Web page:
NEW YORK (Reuters) - Samsung Electronics Co Ltd (005930.KS) is sending fireproof boxes and protective gloves to customers returning potentially explosive Galaxy Note 7 phones, sparking a firestorm of humor on social media about the new twist in the recall scandal.
The company has permanently halted production of its Galaxy Note 7 smartphone less than two months after launch following reports that some batteries caught fire. Reports that some replacement models also went up in smoke were an additional blow to Samsung’s brand and financial outlook.
“Samsung fireproof boxes? Have they been tested?” wrote Twitter user @powermax_news, a sales and service group that works on products from Samsung rival Apple Inc (AAPL.O).
Samsung in a statement said it was sending the fireproof return kit to customers who bought the Galaxy Note 7 phone on its website.
A YouTube video by Android developer news site XDA Developers on Tuesday showed a “return kit,” including a fireproof box with a “forbidden for transport by aircraft” warning and blue gloves to handle the device.
The thermally insulated outer box that has ceramic fiber paper lining has two smaller boxes within it and a static shielding bag, the video showed. The packaging also inspired mirth.
“The ultimate prank is when you open a box inside a box inside a box to find...a bag,” Tweeted user @Nataddda.
U.S. wireless carriers described getting similar materials to return the phones.
Sprint Corp (S.N) spokeswoman Laura Lisec said retail employees had been told to remove phones from packaging, power them down and secure them in the heat-proof boxes. Sprint phones nationwide are being consolidated at a warehouse in Illinois before being forwarded to Samsung.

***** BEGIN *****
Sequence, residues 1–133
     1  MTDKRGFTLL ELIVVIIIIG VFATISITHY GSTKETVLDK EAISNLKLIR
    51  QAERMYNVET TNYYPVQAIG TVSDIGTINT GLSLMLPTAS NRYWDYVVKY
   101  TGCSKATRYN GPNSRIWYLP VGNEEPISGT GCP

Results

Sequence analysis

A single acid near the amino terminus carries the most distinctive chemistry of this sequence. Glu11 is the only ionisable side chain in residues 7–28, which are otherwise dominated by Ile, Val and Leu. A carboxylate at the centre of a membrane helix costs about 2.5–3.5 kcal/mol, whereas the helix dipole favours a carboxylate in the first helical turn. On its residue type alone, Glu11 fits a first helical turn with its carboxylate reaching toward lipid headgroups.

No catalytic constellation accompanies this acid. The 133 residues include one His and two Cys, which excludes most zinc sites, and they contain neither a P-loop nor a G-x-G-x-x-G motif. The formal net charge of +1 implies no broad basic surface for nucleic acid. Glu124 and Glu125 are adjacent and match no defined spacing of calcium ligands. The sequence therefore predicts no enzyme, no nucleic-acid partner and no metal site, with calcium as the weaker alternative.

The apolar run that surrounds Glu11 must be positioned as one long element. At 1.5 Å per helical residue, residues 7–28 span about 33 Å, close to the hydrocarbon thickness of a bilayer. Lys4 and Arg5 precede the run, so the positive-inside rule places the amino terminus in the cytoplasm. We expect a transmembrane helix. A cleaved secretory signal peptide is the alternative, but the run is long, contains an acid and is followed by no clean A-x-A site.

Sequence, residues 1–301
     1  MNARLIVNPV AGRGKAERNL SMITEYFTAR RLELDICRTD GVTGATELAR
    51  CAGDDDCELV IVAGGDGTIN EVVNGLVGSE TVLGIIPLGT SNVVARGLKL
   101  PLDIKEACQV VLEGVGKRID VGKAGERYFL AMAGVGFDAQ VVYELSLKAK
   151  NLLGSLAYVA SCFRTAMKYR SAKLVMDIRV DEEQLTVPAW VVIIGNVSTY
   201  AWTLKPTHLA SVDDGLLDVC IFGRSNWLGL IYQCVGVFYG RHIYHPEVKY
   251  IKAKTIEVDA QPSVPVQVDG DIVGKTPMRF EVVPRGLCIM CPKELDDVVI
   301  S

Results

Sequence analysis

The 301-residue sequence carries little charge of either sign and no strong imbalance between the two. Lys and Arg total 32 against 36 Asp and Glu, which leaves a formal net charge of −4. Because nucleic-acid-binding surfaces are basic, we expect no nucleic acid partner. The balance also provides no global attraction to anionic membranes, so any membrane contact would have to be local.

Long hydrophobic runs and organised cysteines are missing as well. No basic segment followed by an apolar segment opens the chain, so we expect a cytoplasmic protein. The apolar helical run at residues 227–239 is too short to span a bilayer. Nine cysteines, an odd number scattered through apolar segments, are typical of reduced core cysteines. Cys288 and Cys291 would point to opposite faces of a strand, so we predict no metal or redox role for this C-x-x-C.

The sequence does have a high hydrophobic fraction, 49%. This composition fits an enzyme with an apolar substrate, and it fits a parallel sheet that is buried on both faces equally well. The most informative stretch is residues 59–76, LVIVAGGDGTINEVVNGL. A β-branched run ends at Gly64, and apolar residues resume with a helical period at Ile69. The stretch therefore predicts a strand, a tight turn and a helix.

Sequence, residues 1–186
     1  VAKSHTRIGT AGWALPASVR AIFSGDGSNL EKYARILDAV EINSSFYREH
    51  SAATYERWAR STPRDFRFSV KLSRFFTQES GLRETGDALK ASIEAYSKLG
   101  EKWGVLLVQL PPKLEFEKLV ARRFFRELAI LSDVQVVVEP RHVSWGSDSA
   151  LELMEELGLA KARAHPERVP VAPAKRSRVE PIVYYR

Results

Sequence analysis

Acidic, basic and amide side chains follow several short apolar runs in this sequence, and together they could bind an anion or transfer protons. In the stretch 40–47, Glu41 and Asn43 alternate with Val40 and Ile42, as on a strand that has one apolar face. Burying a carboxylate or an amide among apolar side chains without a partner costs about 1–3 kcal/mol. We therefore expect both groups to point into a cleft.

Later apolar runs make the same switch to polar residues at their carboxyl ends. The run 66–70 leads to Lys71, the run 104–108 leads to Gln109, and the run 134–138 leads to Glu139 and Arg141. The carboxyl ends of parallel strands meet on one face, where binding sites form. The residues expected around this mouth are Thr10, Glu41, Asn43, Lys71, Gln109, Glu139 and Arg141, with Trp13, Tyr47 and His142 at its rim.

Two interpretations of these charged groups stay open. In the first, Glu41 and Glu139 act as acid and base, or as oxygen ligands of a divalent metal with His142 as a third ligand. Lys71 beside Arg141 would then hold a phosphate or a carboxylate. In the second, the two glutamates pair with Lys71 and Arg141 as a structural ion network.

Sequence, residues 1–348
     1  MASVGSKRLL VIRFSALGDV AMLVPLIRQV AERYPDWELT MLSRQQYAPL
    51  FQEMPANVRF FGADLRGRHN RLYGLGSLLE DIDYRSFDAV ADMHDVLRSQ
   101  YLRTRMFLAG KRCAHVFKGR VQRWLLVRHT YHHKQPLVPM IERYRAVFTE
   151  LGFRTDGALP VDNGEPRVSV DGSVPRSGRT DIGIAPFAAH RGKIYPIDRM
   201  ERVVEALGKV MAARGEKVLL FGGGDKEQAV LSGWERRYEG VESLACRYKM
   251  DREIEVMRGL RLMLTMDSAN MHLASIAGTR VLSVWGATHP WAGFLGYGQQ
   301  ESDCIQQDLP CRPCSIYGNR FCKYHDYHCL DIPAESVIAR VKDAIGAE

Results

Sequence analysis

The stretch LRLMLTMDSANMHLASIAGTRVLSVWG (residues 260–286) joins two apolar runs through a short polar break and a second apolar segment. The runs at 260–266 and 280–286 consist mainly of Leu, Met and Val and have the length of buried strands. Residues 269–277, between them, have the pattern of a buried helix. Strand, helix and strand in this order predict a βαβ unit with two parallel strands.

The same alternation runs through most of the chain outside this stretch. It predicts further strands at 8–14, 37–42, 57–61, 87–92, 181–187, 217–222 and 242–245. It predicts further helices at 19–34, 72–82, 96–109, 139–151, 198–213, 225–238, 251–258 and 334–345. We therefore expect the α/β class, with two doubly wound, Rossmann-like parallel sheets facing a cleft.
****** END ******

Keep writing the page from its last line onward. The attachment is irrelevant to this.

Verizon Communications Inc (VZ.N) spokeswoman Kelly Crummey said retail stores were keeping returned Note 7s separate from other merchandise but did not share details regarding shipping or packaging.
She said returns were steady and that many customers were choosing other Samsung Android operating system phones, rather than switching to Apple and its iOS.
“The Samsung Galaxy S7 and S7 Edge are really popular with customers. From what we’ve seen with customers if they like Android they like Android and if they like iOS they like iOS,” she said.
Shippers, meanwhile, are taking their own precautions. The U.S. Postal Service, FedEx and UPS said they would not ship the phones by air, consistent with U.S. regulation. But FedEx will only take phones returned to stores, not from individuals directly.
Royal Mail Plc (RMG.L), operator of Britain’s main postal service, said on Wednesday it had banned the delivery Note 7 smartphones through its network for safety reasons, making it potentially difficult for many Britons to return the recalled devices.
Reporting by Malathi Nayak, Deborah M. Todd; Editing by David Gregorio, Peter Henderson and Lisa Shumaker